Time Moves On

It’s been four decades since Kevin was killed. An August doesn’t go by that I don’t pause, reflect and honestly thank God for that tragedy. Not that I would wish such a horrific accident on anyone, but that through the ashes of death and loss, God has accomplished supernatural, life-giving changes that have impacted me for eternity. Over the past decades, God has used His Word to foster in me a living relationship with Him through Christ. The Word of God is supernatural. It is the only book on the planet, in the entire universe that is authored ultimately by God Himself. In fact, the ever-present Holy Spirit uses God’s Word to accomplish things in us that we couldn’t even ask or imagine. 

“For as the rain and the snow come down from heaven

    and do not return there but water the earth,

making it bring forth and sprout,

    giving seed to the sower and bread to the eater,

so shall my word be that goes out from my mouth;

  it shall not return to me empty,

but it shall accomplish that which I purpose,

    and shall succeed in the thing for which I sent it. Isaiah 55:10-11 ESV

I look at it this way, every time I read God’s Word, I have the opportunity to meet with the God of the universe!  In fact, in James 4 we are told that God longs jealously for the spirit that he made to dwell in us. Why would I want to miss that?!

No Walk in the Park

I won’t lie to you, just because I’ve been in God’s Word consistently, daily, has been no guarantee that life is carefree. Truth is I’ve been through a ton of hard issues, circumstantially as well as soul-altering. Refiner’s fire, molding and shaping me. Ridding me of the dross of self and clarifying the presence of Christ in me. Lessons learned and joys experienced.  As tough as some of it has been, I would not trade it for anything.

I have no idea what things you’ve been through that you’ve said to yourself “That wasn’t supposed to happen!”  But it did.  God orchestrated events in your life that if you had the pen and could write the script, they wouldn’t have been there, like Kevin’s death is for me. But, the hope is that in the midst of the trial, the hardship, the pain, the loss, you are becoming a man not perfectly, but increasingly yielded to the work of the Spirit in you. When I think back to that hot August summer I ask myself What if I hadn’t responded to God’s tap on my shoulder? What if I ignored His voice in my soul? Where would I be today?  I can tell you this, I wouldn’t be telling you this story. I wouldn’t be offering you the hope of the Gospel.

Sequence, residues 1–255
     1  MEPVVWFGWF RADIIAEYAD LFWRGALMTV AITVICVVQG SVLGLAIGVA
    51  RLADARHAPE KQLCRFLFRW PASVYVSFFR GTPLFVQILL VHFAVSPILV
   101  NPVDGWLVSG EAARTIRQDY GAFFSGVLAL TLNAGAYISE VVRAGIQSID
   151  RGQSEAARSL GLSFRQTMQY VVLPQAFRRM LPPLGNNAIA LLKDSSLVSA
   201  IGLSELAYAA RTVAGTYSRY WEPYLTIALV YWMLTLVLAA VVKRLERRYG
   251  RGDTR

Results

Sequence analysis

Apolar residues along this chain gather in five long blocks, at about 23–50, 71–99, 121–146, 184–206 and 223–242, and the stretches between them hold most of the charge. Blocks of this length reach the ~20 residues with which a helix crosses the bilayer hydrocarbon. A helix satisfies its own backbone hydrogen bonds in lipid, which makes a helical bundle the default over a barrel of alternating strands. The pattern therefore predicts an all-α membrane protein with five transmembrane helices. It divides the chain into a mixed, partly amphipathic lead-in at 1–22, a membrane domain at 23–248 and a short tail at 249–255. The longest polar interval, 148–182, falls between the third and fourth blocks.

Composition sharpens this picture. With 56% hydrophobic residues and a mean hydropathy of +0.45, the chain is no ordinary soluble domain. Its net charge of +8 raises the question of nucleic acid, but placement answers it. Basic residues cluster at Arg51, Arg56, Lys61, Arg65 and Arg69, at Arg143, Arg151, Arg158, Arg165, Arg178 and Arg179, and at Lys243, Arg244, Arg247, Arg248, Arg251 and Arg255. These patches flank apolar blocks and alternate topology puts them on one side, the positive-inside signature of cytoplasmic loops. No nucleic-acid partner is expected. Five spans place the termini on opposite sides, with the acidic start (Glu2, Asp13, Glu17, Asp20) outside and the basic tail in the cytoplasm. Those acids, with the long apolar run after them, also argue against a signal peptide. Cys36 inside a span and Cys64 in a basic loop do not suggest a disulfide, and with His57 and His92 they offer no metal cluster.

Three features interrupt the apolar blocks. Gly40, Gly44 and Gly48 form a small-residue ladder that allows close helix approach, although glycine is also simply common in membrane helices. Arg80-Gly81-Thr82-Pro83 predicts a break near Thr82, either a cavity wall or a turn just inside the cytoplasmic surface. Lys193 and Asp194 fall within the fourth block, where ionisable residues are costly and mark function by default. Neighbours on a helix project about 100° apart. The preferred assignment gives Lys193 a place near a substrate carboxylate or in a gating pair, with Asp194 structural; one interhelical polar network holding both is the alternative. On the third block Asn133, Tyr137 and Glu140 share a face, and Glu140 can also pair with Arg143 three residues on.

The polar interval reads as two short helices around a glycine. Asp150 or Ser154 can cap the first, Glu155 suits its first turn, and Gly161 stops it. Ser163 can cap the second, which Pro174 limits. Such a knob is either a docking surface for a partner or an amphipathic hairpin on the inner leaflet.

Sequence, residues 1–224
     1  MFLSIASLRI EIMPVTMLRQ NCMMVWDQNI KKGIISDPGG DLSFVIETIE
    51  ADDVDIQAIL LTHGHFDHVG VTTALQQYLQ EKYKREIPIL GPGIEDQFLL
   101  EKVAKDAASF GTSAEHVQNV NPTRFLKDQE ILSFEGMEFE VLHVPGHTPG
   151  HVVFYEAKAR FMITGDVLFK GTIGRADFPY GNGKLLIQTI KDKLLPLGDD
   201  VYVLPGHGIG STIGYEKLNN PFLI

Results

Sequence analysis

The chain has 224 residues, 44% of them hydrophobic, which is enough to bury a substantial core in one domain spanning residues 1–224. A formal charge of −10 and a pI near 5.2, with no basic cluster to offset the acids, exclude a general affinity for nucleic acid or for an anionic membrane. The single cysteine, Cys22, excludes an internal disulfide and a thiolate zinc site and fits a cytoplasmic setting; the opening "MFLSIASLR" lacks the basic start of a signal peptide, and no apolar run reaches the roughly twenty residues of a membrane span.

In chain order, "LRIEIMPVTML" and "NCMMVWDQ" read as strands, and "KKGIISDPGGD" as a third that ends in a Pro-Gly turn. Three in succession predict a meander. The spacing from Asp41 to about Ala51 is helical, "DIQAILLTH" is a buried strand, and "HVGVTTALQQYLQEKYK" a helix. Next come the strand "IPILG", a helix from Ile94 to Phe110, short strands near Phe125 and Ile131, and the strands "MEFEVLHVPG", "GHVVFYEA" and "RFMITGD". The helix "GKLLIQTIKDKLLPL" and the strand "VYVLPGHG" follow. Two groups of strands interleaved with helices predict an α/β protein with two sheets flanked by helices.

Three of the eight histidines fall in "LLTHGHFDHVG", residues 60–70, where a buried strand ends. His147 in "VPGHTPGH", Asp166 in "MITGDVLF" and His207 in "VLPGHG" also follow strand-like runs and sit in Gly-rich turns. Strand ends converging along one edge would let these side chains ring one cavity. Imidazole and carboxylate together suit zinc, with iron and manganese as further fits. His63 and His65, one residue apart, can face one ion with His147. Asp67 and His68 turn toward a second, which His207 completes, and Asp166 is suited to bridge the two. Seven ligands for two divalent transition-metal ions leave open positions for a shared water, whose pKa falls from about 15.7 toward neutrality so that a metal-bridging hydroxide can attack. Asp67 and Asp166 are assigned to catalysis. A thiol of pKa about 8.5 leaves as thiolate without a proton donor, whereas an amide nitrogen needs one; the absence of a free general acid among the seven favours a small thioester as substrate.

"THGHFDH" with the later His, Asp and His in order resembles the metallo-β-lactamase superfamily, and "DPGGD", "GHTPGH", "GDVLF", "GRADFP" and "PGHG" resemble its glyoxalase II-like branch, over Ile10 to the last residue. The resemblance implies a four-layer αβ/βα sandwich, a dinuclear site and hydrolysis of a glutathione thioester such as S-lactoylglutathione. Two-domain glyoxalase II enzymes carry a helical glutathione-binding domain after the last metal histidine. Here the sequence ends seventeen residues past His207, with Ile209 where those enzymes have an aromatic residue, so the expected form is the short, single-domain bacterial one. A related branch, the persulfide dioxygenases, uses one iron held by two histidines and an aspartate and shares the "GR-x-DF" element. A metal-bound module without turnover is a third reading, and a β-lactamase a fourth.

3 Things to Do When Things Happen You Didn’t Plan On

1. Understand that even in the midst of horrific tragedies, God has not abandoned you. He is there and He longs for you to draw near to Him amidst the pain.

2. Before you conclude God is to blame for the unexpected, look around at what is going on in the greater scheme of things. Think beyond the immediate moment before you make your judgment call. Humanly-speaking, we see through a glass dimly. God sees far more and we can trust Him to accomplish much through tough times.  

Count it all joy, my brothers, when you meet trials of various kinds, for you know that the testing of your faith produces steadfastness. And let steadfastness have its full effect, that you may be perfect and complete, lacking in nothing.  James 1:2-4 ESV

3. Good is bound to come to those who trust God for what catches them by surprise. I lost contact with Kevin’s parents a few years after he died. Decades went by not realizing they live a mile or two from me. We reconnected several years ago,  They still miss Kevin, as any parents would, but when they hear about lives changed for Christ because of their son, the tears of joy you see on their face tells the rest of the story. The final chapter has not been written on Kevin’s life. Nor has it been written in my life or yours. 

What things were not supposed to happen to you? What story is God writing in your life? He’s not finished with you yet.

Warrior On!

David Riffel is the Founder and Executive Director of www.Mentoring-Warriors.com. Having gone through his warrior years (18-30) essentially without a mentor, God has placed in him a heart for warriors, to come alongside them in various ways as they figure out life. David’s newly released book, Mentoring Warriors: Coming Alongside Young Men 18-30, outlines principles for mentoring and gives advice for warriors in six key areas of life: self-management, life skills, education/career, relationships, faith, and identity.